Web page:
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MSF in Mexico, 2002
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Work with indigenous people extended to Guerrero
Immersed in a low-intensity war, as in the state of Chiapas, or repressed (in the state of Guerrero), indigenous communities often lack access to basic health care. They are stigmatized by society. MSF offers medical care to indigenous people in both these areas and tackles neglected but treatable diseases, such as trachoma, which inflict a heavy economic and social toll.
In Chiapas, MSF provides basic health care in more than 25 indigenous communities, investigates and responds to acute health needs in the region, and raises awareness about the plight of indigenous people. A trachoma control campaign includes active case finding, corrective surgery, training Ministry of Health staff, and inter-institutional coordination and advocacy. Part of MSF's role is to provide basic health services in a way indigenous communities feel secure using, until minimal confidence in the Ministry of Health can be restored. MSF has plans to operate in the region at least until the armed conflict between the Zapatista National Liberation Army, paramilitary groups, and the Mexican government is settled.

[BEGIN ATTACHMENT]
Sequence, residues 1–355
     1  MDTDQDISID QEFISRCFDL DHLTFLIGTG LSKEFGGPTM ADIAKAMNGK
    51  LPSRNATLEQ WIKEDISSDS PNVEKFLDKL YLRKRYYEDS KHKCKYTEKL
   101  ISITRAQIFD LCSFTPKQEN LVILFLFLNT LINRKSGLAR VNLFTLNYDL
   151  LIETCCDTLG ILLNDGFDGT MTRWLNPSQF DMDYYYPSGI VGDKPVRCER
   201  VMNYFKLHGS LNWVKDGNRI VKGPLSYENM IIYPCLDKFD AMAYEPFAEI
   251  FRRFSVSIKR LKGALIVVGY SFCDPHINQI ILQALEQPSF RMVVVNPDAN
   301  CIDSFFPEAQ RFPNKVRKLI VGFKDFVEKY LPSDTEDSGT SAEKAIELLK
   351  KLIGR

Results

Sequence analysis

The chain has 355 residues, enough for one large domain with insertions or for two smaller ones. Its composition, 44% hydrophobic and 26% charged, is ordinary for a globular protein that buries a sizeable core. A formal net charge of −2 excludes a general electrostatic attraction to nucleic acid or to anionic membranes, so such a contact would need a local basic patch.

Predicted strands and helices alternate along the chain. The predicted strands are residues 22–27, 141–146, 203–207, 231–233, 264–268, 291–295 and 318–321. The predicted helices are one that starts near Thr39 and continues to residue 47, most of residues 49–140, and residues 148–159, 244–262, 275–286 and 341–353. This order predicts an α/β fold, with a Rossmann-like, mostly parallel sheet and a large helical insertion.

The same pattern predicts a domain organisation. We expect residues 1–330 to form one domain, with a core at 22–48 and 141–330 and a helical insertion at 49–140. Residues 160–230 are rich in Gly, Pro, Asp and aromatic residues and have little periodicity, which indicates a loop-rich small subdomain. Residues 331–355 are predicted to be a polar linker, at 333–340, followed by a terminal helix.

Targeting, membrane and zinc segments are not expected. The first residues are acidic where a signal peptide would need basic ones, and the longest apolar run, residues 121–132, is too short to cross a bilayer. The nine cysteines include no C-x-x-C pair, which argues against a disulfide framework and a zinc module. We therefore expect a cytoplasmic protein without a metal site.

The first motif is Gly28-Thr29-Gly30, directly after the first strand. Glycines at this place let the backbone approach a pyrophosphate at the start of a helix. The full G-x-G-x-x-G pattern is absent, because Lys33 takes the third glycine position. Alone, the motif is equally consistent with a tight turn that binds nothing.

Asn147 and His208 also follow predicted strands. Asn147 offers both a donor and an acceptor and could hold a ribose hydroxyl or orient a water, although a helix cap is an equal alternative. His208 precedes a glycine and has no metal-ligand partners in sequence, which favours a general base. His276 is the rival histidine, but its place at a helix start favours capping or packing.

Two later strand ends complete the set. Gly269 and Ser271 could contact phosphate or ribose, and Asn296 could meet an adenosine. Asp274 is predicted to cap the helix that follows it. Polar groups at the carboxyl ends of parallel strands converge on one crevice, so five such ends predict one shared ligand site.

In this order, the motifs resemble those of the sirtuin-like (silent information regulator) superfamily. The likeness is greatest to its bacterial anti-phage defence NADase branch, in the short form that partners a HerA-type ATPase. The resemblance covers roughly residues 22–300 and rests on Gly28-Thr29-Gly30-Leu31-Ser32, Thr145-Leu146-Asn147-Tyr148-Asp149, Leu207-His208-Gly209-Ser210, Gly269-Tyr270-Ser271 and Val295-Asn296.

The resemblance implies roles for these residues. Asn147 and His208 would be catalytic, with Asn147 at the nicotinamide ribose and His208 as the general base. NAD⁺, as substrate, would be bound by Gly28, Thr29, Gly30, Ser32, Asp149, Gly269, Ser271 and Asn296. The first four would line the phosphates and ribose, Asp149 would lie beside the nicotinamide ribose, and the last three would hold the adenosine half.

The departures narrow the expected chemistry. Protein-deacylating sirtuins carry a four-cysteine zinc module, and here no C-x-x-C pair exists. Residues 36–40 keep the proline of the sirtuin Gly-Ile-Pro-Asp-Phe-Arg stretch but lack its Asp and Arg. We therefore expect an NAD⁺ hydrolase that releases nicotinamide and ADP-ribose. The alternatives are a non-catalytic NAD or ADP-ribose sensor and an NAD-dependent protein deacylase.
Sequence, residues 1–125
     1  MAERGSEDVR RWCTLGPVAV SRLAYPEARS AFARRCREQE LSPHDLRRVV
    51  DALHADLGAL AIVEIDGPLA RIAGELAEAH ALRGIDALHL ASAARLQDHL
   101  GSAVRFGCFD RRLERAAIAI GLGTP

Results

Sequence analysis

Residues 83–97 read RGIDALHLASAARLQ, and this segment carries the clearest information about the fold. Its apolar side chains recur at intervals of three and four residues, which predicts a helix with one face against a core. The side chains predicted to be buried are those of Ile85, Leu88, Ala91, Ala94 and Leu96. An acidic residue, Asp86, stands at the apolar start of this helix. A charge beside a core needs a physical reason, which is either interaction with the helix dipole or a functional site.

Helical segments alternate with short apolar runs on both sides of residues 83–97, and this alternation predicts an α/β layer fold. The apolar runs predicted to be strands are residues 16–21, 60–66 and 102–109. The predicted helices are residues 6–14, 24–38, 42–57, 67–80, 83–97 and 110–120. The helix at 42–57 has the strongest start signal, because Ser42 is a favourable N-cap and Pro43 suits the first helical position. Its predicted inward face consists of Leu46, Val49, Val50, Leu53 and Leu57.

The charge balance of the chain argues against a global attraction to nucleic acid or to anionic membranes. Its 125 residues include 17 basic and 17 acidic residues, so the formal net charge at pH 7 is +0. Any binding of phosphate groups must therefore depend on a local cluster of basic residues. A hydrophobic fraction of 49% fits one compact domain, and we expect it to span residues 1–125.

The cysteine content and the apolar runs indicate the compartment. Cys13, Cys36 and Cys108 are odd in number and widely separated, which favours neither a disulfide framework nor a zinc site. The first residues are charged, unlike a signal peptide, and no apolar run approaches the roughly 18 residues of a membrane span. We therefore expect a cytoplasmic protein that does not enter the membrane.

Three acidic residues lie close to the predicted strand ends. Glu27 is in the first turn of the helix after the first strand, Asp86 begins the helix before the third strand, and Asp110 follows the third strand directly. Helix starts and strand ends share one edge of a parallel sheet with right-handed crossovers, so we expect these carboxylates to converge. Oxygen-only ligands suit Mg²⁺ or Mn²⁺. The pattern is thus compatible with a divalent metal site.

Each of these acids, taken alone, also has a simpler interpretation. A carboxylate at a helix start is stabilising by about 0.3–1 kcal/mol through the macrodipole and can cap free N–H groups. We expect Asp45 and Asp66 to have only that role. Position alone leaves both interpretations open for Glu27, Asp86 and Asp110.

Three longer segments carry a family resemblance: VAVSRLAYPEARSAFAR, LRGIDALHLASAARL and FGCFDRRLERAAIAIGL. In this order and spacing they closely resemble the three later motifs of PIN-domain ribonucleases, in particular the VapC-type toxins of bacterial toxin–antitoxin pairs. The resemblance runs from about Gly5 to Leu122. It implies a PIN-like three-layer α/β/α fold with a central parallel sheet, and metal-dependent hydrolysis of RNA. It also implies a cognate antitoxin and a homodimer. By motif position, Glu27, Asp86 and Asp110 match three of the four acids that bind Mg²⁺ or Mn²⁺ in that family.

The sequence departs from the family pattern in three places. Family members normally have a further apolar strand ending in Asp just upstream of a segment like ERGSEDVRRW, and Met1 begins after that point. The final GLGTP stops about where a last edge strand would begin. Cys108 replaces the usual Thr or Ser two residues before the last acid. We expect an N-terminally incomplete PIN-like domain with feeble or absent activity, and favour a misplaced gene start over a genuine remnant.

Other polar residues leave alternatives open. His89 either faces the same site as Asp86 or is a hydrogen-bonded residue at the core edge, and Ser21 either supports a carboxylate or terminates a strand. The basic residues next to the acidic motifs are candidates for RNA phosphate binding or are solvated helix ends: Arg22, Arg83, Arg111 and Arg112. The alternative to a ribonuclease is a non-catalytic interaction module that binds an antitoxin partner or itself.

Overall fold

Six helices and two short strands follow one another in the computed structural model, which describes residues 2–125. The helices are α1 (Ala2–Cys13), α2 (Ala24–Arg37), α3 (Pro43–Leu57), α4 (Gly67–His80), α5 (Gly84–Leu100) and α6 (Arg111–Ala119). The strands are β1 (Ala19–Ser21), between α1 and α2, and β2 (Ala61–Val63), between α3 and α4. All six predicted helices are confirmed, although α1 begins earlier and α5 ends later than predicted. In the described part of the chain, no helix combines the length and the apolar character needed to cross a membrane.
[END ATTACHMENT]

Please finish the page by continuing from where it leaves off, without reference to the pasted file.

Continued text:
In April 2002, a new project was opened in the isolated region of La Montaña in Guerrero, to reduce morbidity and mortality rates among the area's indigenous people, particularly women of childbearing age and children under five. MSF work includes consultations, vaccinations, epidemiological surveillance, training traditional birth attendants, and providing health education.
MSF first worked in Mexico in 1994 and has had a continuous presence since 1997.